Dairy cows at the Moxey family dairy operation in Gooloogong in central NSW. Photo: Nick Haggarty

Job growth from beef exporter deal

The first investment in the Kilcoy Pastoral Company (KPC), an hour north of Brisbane, has created 130 jobs.

"[The deal] has allowed us to replace older assets with newer more contemporary assets and started to pave the way for future growth," KPC chief executive officer Dean Goode said.

"For the local community it's been huge, and as the investment comes together we'll see more jobs created."

Mr Goode said having a well known Chinese partner had been invaluable, saying "doors opened" to opportunities.

"The New Hope name's enabled us to gain access not just in China but globally to financiers, business partners or future customers or suppliers," he said.

"They have shown a willingness to work with the companies, not work on the companies, and actually enable those businesses to grow.

"It's almost unbelievable to go from where Mr Liu was in 1994 to where he is today with over 70,000 employees, $15 billion in annual turnover, all from raising quails.

"It's quite extraordinary, and if that does not inspire people nothing will."

'We can take this business wherever we want'

The $100 million dairy deal came at the right time for the Moxey family, who was looking for an outside investor to expand its 3,500-cow operation at Gooloogong in central New South Wales.

"That's always the dream isn't it? — to turbo-charge your business and take it wherever you want, and we're in a situation now where we can take this business wherever we want," general manager Quentin Moxey said.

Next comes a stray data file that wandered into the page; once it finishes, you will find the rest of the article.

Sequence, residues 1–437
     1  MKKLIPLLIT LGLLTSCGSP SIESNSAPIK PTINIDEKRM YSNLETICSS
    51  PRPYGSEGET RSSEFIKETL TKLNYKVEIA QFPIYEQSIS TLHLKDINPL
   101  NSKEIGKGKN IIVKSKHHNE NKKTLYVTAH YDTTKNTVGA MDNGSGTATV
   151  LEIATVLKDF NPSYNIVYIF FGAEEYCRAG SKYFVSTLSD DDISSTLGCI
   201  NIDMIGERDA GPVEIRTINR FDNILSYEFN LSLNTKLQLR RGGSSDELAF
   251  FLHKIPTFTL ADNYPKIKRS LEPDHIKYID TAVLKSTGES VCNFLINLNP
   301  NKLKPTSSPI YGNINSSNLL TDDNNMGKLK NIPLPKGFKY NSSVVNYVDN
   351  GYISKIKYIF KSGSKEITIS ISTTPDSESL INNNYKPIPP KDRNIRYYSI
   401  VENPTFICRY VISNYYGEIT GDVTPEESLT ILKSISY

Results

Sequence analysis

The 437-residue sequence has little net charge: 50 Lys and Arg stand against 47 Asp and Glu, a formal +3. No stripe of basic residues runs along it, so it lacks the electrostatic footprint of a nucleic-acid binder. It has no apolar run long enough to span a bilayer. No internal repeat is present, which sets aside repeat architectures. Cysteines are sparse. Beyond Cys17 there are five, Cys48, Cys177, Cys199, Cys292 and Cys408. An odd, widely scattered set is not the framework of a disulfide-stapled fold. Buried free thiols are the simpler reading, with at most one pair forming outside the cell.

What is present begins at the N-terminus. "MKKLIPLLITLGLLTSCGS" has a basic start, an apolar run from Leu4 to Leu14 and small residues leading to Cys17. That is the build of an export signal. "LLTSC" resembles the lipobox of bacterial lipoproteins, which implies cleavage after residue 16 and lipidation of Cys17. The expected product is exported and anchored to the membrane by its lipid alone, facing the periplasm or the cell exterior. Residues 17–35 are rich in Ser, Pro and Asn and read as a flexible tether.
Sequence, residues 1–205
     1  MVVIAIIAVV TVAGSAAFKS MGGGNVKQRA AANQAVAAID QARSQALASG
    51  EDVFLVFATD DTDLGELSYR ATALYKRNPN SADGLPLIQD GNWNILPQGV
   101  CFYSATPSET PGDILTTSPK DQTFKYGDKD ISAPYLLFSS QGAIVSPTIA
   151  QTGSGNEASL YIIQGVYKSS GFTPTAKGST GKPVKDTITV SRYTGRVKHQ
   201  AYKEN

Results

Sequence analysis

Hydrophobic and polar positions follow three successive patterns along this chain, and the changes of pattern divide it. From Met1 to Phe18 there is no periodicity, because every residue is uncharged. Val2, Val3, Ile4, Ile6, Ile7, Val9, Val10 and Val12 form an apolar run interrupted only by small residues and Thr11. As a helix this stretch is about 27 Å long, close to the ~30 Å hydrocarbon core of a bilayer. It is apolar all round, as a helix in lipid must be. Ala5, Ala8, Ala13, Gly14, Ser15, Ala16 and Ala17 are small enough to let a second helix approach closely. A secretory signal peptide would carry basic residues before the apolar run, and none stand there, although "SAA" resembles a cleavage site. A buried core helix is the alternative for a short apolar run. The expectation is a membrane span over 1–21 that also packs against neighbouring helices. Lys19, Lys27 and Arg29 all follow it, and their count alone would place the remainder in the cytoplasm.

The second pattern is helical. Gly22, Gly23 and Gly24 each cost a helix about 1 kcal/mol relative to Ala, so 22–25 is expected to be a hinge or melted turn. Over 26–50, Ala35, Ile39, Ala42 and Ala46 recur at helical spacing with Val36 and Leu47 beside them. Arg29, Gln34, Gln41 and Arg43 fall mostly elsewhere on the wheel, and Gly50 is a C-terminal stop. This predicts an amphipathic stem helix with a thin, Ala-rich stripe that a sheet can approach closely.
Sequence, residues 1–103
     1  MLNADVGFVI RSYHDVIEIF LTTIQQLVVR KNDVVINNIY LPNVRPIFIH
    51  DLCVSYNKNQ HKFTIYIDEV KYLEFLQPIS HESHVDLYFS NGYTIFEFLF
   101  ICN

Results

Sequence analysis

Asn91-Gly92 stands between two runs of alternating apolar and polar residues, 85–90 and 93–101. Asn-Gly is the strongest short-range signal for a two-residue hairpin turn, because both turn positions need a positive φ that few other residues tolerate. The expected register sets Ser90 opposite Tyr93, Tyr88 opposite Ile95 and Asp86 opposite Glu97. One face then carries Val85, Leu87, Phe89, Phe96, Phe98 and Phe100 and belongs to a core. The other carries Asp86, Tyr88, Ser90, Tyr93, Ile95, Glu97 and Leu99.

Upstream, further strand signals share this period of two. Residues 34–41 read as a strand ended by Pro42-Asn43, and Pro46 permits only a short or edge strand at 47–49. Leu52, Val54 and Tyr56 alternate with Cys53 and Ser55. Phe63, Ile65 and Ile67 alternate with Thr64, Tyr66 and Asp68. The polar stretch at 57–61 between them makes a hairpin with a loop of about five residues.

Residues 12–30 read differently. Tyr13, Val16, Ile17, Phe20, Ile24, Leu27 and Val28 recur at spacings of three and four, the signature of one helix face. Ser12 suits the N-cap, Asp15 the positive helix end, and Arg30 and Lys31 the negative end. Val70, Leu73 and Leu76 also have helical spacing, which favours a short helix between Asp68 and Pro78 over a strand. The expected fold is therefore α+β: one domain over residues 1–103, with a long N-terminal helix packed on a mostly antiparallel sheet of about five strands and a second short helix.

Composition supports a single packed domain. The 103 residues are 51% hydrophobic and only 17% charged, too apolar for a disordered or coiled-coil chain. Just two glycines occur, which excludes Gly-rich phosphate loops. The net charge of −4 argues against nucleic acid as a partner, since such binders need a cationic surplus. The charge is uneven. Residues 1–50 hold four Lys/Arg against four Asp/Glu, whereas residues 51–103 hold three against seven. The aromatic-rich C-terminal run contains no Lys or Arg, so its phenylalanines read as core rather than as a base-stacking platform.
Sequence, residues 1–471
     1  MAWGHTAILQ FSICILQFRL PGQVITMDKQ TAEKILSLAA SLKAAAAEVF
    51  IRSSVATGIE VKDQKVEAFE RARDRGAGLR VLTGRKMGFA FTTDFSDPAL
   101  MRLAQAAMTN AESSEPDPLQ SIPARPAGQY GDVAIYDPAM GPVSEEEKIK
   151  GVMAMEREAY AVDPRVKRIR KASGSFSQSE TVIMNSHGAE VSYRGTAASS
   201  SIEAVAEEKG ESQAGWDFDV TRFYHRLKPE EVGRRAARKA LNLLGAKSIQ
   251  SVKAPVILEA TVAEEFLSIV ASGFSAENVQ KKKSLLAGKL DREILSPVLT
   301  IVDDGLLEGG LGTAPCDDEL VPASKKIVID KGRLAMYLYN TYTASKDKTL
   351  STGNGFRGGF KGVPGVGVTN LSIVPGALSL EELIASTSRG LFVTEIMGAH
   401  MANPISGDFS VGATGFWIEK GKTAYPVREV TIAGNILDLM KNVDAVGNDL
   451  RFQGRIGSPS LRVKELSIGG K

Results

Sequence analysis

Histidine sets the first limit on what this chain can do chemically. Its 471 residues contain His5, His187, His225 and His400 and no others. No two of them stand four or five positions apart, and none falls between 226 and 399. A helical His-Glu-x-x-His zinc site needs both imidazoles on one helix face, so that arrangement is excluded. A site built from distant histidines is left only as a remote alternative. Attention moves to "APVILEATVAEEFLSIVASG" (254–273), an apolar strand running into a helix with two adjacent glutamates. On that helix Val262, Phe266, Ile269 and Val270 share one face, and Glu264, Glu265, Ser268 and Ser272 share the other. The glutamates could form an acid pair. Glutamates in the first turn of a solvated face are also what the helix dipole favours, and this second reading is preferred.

$30 million has been invested at Gooloogong in the last 12 months to buy a neighbouring farm and lift cow numbers by 2,000.

A new 24-hour dairy has been built as well as two new American-style cow barns which hold a thousand head each.

Staff numbers are now at 150 and will increase as the partnership plan is to be milking 10,000 cows by 2021.

"We want to expand the scale. We want to build one, two, even more ranches," Mr Liu said.

"We have founded a joint venture company, not to purchase [it], but to cooperate and develop together."

The Moxeys produce 80 million litres of milk a year and as milk supply grows it will seek out other markets, potentially overseas.

Putting foreign investment fears at ease

Mr Liu said the Australian Government had been positive towards his investment ambitions.

"The Australian governments are good, they welcome Chinese and international investors as long as the investors bring benefits to Australian people, they will support," he said.

Mr Liu said he would continue with the co-investment investment model in Australia.

"I have found many investments made by Chinese enterprises in Australia, they have acquired this, or acquired that, but in this pattern, if we can develop with Australian partners, isn't it much better?

"Australians are very smart. Isn't it better for us to cooperate with them?"

Mr Dowling said the company was working with local communities to allay any doubts about Chinese investment.

"It's absolutely essential for us that we make a positive contribution to the Australian community," he said.



  • Icon-world  ABC
  • 02 Feb 2017